What Drove Early Man Across Globe? Climate Change Some of the biggest human migrations coincided with major changes in climate, according to a new analysis. Researchers say early humans set out in search of climates where more food was available. And some populations stayed put in certain locations because barriers like glaciers blocked their progress.

What Drove Early Man Across Globe? Climate Change

  • Download
  • <iframe src="https://www.npr.org/player/embed/161278993/161303830" width="100%" height="290" frameborder="0" scrolling="no" title="NPR embedded audio player">
  • Transcript


From NPR News, this is ALL THINGS CONSIDERED. I'm Audie Cornish.

Anthropologists believe early humans evolved in Africa, then moved out from there in successive migrations. But what got them up and going is a matter of conjecture. One explanation is that changing climate dictated when and where our ancestors went.

NPR's Christopher Joyce reports on new research that supports that idea.

CHRISTOPHER JOYCE, BYLINE: Anthropologist Anders Erikkson, of Cambridge University in England, says the first few hardy humans who left Africa might have gone earlier but couldn't. Northeastern Africa, the only route to Asia and beyond, was literally a no-man's land.

ANDERS ERIKKSON: The people couldn't really leave because the climate was too arid and too hot, so humans were bottled up.

JOYCE: Eventually they got out of the bottle; we know that from the trail of fossil bones and stone tools they left behind. And recently, scientists have learned to read genetic mutations in current populations to track where our ancestors went for the past 70,000 years or so. To this, the Cambridge scientists have now added something new: climate change.

Climate change leaves a trail in sediments, buried pollen, coral, even dust. The scientists compared that record with the record of human migration gleaned from genetics and fossils. Writing in the proceedings of the National Academy of Sciences, the Cambridge team says changes in climate coincided with some of the big migrations through Asia, and north to Europe, and eventually all the way to Australia and North America.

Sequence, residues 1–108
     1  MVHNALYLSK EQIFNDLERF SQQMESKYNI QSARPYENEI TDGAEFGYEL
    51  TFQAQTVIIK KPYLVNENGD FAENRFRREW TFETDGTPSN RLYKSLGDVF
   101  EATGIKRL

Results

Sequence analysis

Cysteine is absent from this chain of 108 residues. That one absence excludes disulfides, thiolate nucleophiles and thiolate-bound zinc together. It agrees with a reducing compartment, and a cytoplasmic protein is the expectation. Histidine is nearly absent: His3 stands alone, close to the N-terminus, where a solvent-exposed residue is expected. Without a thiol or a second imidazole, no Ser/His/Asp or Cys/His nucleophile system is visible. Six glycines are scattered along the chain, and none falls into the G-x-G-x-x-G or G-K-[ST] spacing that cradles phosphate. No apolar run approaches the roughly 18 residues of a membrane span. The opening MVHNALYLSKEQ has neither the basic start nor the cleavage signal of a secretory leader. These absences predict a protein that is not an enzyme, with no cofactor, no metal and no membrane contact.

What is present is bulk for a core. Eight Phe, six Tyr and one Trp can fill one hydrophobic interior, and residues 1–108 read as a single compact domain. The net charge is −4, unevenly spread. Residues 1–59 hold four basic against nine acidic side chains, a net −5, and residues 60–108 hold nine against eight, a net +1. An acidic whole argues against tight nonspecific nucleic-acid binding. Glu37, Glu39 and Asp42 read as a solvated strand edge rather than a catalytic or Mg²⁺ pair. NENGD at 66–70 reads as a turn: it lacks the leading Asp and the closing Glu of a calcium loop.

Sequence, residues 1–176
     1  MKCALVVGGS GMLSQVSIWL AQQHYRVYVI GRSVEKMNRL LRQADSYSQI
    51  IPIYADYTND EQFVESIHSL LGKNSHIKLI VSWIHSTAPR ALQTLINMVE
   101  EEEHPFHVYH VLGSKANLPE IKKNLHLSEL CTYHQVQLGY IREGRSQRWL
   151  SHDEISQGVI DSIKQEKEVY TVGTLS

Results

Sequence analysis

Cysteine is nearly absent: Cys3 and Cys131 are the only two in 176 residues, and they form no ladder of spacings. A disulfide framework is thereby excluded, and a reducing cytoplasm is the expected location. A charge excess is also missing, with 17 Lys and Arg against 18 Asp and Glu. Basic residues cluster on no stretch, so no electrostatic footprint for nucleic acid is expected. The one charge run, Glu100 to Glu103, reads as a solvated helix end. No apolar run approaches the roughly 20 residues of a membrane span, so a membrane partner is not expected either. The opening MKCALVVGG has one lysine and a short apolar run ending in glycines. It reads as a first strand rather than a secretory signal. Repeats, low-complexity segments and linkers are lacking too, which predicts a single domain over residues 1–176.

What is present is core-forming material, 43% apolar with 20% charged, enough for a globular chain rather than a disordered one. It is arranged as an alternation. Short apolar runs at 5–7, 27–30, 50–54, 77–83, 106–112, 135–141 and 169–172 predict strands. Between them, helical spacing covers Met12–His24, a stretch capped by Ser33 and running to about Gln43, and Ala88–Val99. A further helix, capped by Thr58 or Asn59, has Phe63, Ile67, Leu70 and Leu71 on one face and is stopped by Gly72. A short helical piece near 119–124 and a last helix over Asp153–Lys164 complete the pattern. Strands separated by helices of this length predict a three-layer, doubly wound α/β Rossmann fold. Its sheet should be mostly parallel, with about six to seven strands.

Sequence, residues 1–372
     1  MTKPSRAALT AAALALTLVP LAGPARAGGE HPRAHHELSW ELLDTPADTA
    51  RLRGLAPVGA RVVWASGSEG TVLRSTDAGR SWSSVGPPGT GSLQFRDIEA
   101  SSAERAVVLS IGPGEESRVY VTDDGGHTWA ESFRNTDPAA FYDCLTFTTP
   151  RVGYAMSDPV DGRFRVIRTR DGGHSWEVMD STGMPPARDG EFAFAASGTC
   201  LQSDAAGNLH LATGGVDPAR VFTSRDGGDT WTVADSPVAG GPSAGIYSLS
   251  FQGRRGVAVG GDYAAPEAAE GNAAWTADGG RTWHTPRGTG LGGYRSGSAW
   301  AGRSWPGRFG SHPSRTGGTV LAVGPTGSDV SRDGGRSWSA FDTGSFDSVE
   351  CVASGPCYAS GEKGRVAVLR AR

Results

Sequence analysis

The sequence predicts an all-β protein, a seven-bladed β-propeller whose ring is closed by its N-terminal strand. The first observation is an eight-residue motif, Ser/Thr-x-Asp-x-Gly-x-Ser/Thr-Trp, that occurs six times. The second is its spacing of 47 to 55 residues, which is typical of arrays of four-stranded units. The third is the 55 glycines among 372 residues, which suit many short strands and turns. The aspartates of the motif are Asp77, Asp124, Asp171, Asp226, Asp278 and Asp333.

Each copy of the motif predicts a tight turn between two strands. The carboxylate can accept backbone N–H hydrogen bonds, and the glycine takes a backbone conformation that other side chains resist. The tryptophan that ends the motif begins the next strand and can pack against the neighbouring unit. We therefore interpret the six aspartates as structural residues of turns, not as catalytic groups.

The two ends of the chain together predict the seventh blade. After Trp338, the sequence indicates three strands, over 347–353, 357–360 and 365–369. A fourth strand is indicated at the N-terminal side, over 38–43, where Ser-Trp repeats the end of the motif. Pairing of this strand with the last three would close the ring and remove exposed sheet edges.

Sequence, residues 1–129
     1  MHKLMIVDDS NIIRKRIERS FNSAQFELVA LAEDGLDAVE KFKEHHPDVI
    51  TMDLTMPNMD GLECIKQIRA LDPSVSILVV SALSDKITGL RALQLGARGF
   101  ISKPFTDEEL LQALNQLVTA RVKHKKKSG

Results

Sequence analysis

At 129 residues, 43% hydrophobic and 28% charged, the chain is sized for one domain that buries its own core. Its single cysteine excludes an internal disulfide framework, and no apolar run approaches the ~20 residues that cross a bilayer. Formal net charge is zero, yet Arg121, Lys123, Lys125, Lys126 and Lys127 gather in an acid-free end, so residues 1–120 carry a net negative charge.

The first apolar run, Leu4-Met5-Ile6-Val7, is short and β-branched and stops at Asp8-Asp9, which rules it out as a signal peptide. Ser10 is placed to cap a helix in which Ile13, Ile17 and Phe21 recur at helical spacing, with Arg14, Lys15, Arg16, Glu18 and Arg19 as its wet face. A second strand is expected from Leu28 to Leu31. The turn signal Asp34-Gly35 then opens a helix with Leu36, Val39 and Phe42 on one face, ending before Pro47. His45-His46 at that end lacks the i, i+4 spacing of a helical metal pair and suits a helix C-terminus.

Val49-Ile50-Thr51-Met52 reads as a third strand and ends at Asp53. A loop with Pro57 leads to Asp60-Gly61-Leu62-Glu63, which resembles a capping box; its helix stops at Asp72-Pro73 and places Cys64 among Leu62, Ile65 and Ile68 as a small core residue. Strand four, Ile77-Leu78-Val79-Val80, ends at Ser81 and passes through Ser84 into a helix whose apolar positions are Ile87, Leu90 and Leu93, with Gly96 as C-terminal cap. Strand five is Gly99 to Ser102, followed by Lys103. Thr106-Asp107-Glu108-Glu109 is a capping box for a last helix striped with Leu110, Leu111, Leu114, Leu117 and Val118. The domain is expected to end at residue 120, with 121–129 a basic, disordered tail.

One thing climate controlled was food. Here's Andrea Manica from the Cambridge team.

ANDREA MANICA: The main thing that really drives a lot of the migrations is actually temperature and precipitation to provide food. How much green matter did you have available in each location?

JOYCE: Manica says populations sometimes stayed because there were barriers, like high sea levels or glaciers, that kept them from migrating.

MANICA: And so, you had a buildup of a pretty good stable population until eventually that barrier got removed.

JOYCE: The seas dropped or glaciers melted. Manica says that happened in South Asia, which was a sort of population hub for thousands of years, as dropping sea levels opened up new migration routes; same with Siberia, thousands of years later.

Anthropologists who've reviewed this new analysis say it will give them a much better road map of how humans populated the planet than just following the fossilized bones.

Christopher Joyce, NPR News.

Copyright © 2012 NPR. All rights reserved. Visit our website terms of use and permissions pages at www.npr.org for further information.

NPR transcripts are created on a rush deadline by an NPR contractor. This text may not be in its final form and may be updated or revised in the future. Accuracy and availability may vary. The authoritative record of NPR’s programming is the audio record.